reflects the economic interest of market participants, inside managers, and outside stockholders who are competing for control of enterprise assets. After privatization, most share activity was characterized by a one-way transfer of shares from initial small holders to managers and other closely related insiders. During the post-privatization period, not only managers of firms, but also large outside investors and financial intermediaries themselves have entered the market to acquire small stock holdings at advantageous prices. Where a control battle between insiders and outsiders was likely, secrecy was also important to stock buyers.
In a recent World Bank report, Morgenstern (1995:89-101) characterizes the Russian securities markets as a "one-way control market" where the brokers' principal customers, and often the brokers themselves, have little economic interest in transparency and liquidity. Since there is little two-way trading that would benefit from self-regulation and institutional support, brokers see control of the economic environment as a higher priority than liquidity. Brokers often view their principal customers as the issuers, not the investors. In the wake of privatization, stock exchanges functioned like a vacuum cleaner, vacuuming up securities from workers on behalf of inside mangers and strategic investors.
While much remains to be done to create genuine two-way trading in a stock market, a bank-centered closed market for ownership has emerged instead. Large outside blockholders are gradually consolidating control of a core group of large enterprises, initiating market-oriented changes, but the high degree of centralization of Russia's top-tier banks and their dependence on political relationships makes it uncertain whether they will be able to provide bank-based enterprise governance that is oriented to long-run efficiency.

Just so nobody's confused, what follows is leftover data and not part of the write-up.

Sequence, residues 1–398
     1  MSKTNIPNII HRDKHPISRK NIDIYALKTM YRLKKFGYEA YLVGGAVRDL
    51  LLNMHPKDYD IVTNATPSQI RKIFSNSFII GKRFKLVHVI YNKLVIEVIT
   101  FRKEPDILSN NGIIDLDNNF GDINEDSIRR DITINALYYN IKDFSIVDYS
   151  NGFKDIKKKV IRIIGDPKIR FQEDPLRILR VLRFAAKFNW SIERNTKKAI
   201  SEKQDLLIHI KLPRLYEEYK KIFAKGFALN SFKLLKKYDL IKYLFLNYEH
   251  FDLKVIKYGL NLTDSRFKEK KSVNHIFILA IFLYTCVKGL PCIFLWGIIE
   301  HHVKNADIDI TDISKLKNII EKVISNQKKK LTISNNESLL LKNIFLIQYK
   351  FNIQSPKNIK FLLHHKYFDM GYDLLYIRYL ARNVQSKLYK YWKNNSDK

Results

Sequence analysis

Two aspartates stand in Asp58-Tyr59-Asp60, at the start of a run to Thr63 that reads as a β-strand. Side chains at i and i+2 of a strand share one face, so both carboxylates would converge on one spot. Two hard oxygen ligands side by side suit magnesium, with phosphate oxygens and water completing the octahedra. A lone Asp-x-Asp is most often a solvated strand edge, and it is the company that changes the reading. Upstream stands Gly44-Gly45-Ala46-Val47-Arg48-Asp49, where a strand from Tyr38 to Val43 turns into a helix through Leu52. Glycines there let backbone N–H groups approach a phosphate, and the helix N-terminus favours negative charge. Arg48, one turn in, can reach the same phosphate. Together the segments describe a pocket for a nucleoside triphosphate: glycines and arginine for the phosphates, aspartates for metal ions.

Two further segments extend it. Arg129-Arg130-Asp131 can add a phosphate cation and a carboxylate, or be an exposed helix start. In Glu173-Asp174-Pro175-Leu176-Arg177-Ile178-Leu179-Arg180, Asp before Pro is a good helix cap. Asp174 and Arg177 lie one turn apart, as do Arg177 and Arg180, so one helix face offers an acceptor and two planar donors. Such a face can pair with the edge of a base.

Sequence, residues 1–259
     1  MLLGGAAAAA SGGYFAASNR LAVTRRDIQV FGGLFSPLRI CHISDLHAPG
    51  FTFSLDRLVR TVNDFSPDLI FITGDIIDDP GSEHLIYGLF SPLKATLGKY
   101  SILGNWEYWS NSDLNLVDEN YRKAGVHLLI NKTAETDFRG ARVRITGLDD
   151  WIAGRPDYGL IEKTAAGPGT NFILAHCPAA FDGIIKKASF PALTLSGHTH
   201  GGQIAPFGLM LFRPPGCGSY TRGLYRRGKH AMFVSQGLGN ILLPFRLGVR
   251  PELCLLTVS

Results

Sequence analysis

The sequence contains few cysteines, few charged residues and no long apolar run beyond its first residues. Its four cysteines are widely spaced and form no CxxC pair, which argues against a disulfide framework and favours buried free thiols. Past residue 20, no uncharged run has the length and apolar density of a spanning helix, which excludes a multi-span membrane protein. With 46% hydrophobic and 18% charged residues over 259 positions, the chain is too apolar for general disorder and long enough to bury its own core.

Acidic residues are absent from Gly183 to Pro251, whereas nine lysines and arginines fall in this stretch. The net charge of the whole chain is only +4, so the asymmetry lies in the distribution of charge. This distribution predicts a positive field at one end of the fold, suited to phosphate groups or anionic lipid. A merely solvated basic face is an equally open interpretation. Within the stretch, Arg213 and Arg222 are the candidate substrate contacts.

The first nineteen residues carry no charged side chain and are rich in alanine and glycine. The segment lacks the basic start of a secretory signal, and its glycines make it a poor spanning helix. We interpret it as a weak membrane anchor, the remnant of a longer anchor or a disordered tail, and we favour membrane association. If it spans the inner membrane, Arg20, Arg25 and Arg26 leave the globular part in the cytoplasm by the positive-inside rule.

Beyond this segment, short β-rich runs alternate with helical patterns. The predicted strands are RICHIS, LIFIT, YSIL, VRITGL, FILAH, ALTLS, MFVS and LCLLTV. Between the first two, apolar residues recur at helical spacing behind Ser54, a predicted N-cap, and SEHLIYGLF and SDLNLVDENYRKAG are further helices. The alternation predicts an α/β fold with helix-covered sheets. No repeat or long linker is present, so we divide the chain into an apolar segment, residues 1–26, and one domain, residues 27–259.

A study of bank privatization by Abarbanell and Meyendorff (in press) shows that an emerging demand for financial institutions led to the commercialization and privatization of state-owned banks more rapidly and irreversibly than in other reforming economies. Over half of all Russian banks operating today originated in the private sector, with over 75 percent of banking assets under the control of private investors. During the past 8 years, the Russian banking sector has undergone an impressive change. A top tier of about a dozen banks has emerged that provides a wide variety of corporate and personal banking services. The top ten banks in this group account for more than half of total assets in the banking sector. While the Russian state still has majority ownership in the two largest banks, six of the top ten banks are new commercial firms, and they tend to dominate the market for new services.
Outside of the top tier of banks, there is a large pool of small regional